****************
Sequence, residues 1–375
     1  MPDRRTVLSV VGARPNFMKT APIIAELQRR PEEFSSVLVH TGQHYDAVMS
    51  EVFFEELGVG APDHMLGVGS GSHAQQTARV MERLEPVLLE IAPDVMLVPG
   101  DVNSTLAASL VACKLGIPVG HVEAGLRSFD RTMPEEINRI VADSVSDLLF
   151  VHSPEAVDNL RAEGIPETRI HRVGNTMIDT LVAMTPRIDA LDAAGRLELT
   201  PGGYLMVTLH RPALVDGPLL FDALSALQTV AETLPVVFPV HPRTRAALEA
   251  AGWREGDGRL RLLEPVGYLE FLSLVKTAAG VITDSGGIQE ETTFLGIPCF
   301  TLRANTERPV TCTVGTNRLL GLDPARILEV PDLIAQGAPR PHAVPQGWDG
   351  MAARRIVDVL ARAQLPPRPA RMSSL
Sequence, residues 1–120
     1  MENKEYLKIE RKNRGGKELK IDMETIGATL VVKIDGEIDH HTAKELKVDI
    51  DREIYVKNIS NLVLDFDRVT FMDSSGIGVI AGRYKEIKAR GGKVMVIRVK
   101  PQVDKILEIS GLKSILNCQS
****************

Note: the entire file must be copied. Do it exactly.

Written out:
Sequence, residues 1–375
     1  MPDRRTVLSV VGARPNFMKT APIIAELQRR PEEFSSVLVH TGQHYDAVMS
    51  EVFFEELGVG APDHMLGVGS GSHAQQTARV MERLEPVLLE IAPDVMLVPG
   101  DVNSTLAASL VACKLGIPVG HVEAGLRSFD RTMPEEINRI VADSVSDLLF
   151  VHSPEAVDNL RAEGIPETRI HRVGNTMIDT LVAMTPRIDA LDAAGRLELT
   201  PGGYLMVTLH RPALVDGPLL FDALSALQTV AETLPVVFPV HPRTRAALEA
   251  AGWREGDGRL RLLEPVGYLE FLSLVKTAAG VITDSGGIQE ETTFLGIPCF
   301  TLRANTERPV TCTVGTNRLL GLDPARILEV PDLIAQGAPR PHAVPQGWDG
   351  MAARRIVDVL ARAQLPPRPA RMSSL
Sequence, residues 1–120
     1  MENKEYLKIE RKNRGGKELK IDMETIGATL VVKIDGEIDH HTAKELKVDI
    51  DREIYVKNIS NLVLDFDRVT FMDSSGIGVI AGRYKEIKAR GGKVMVIRVK
   101  PQVDKILEIS GLKSILNCQS